Optical Illusions Made with Paper, Brush and Ceramics

Optical illusions, ceramic mimicry and landscape art cut in paper all pop out as highlights among the selection of contemporary art at our Online Auction, which takes place on 15 June and includes works by names such as Peter Callesen, HuskMitNavn and Rose Eken.

A Cascading Stream of Paper

The viewer is both seduced and fascinated by the Danish contemporary artist Peter Callesen's carved and cut paper art. With exceptional ingenuity and artistry, he creates three-dimensional art and magical landscapes out of ordinary flat A4 white paper. At the Online Auction on 15 June, you can now get your hands on the dramatic landscape work entitled "Water always Finds its Way", which comes from publisher Jarl Borgen's extensive art collection. Here, a cascading stream of paper falls out over an edge, forming a small magical pond at the bottom of the wooden frame. Callesen's art invites you to closely study the details and the play with the illusion. It is an optical illusion, an inverted tromp l’oeil work in which one marvels at the balancing act between illusion and reality – in Callesen’s hands, the flat, white paper proves to have unlimited artistic possibilities.

Peter Callesen: “Water always Finds its Way”, 2006. Signed and dated on the reverse. Acid-free paper, glue, acrylic paint mounted in an oak frame. 43×34 cm. Estimate: DKK 10,000.
HuskMitNavn: Composition with figures. Signed HuskMitNavn, 15. Oil on canvas. 100×80 cm. Unframed. Estimate: DKK 30,000-40,000.

Cartoon Tromp l’oeil

Trump l’oeil, which means to ‘deceive the eye’ in French, also plays artistic tricks with us in a string of other works at this auction. The technique dates back to the 16th century when the art of painting was used to create space and depth on surfaces so that one was fooled into believing that it was part of reality – the greatest achievement within this genre was to fool the king and his court. In HuskMitNavn's untitled oil painting, we are also tricked into believing that a pair of father and son cartoon characters have built a fort out of a real cardboard box with cut-out holes for a door and window. Like Callesen, HuskMitNavn often conjures his drawn figures out of paper by tearing and cutting in the material. In the work here, however, the cardboard box is not cut out, but instead actually painted in oil on the canvas and only resembles a cut-out. It is cartoon trump l’oeil at its best.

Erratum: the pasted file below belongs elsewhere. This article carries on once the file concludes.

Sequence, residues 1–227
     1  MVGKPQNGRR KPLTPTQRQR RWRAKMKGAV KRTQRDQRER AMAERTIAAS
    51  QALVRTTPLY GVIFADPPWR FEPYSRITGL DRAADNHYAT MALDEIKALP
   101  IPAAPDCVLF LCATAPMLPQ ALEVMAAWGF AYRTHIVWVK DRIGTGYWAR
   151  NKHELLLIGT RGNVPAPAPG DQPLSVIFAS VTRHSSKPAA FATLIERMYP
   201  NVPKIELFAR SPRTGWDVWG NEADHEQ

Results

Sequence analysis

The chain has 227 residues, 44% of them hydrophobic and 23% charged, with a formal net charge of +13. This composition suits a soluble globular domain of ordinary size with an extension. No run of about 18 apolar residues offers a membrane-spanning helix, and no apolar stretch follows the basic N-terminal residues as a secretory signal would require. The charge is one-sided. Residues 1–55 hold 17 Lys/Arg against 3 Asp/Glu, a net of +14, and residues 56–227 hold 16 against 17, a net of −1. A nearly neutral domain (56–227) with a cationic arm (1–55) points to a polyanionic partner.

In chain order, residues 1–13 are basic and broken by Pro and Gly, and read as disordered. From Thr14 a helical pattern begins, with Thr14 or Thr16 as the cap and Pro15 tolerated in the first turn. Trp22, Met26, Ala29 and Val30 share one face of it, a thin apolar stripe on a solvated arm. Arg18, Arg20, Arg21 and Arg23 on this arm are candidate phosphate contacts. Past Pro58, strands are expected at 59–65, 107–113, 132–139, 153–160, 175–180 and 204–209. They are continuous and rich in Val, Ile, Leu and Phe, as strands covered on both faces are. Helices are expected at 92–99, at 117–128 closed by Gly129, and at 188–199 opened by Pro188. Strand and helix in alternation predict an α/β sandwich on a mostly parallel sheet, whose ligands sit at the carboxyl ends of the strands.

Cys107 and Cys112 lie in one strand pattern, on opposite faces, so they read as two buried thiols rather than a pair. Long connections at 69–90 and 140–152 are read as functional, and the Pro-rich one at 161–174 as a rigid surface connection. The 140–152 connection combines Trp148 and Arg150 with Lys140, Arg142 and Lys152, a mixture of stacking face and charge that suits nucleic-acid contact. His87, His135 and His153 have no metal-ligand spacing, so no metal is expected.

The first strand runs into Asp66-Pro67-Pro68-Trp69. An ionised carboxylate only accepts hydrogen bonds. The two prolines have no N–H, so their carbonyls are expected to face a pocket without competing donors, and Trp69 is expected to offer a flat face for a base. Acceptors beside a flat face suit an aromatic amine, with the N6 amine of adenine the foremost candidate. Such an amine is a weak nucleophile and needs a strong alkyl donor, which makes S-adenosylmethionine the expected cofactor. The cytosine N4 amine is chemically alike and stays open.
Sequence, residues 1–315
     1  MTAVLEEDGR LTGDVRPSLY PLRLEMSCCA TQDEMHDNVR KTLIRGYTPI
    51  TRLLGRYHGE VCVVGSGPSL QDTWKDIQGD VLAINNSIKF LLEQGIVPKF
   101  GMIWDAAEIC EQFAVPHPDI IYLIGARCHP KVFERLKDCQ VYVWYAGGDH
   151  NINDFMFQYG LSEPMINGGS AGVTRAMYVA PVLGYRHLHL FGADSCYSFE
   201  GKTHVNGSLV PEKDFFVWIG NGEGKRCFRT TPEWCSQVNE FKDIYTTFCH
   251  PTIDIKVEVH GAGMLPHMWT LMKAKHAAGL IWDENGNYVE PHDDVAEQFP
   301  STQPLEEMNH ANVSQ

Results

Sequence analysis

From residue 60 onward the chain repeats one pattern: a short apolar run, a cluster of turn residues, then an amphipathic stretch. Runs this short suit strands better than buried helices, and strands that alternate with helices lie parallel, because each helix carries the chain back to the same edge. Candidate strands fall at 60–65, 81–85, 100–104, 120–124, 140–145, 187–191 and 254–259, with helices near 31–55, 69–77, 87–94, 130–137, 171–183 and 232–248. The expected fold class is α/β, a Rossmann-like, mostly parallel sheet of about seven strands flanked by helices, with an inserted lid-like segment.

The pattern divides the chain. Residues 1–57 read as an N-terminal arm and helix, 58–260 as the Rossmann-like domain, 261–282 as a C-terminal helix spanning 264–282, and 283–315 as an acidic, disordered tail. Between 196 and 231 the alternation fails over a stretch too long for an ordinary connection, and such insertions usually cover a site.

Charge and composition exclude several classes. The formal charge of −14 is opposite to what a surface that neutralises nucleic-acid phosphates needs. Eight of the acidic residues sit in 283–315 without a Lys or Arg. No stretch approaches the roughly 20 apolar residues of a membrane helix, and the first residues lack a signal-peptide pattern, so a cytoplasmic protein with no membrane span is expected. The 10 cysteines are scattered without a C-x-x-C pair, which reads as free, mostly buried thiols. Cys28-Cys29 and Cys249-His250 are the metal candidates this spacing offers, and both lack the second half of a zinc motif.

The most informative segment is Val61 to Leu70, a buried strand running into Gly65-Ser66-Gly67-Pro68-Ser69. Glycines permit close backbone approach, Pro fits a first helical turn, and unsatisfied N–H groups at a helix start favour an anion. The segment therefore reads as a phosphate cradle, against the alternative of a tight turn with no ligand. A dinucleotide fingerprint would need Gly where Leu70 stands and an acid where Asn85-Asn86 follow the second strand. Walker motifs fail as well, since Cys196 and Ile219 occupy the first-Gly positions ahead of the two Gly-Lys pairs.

Ceramic Mimicry

Rose Eken's ceramic mimicry also plays tricks on our perception of reality and not least the thousands of everyday objects we all surround ourselves with. At this auction, you can get your hands on Eken's solid, ceramic life-size art in the shape of an orange magnum sharpie in clay with the accompanying book “Artefacts” – which is printed on real paper. In Eken's hands, everyday objects receive a renewed, loving attention, so that a sense of nostalgia is clearly felt, and reminds us that the everyday objects around us are full of memories and experiences.

Rose Eken: Sharpie. Sign. RE 18 at the bottom. Polychrome decorated ceramics. L. 13 cm. Estimate: DKK 3,000.

Online Auction

Contemporary art

Tuesday 15 June at 7 pm (CEST)

For further information, please contact:

Niels Boe Hauggaard: +45 8818 1182 · nbh@bruun-rasmussen.dk

Kathrine Eriksen: +45 8818 1184 · ke@bruun-rasmussen.dk

Peter Beck (Aarhus): +45 8818 1186 · pb@bruun-rasmussen.dk


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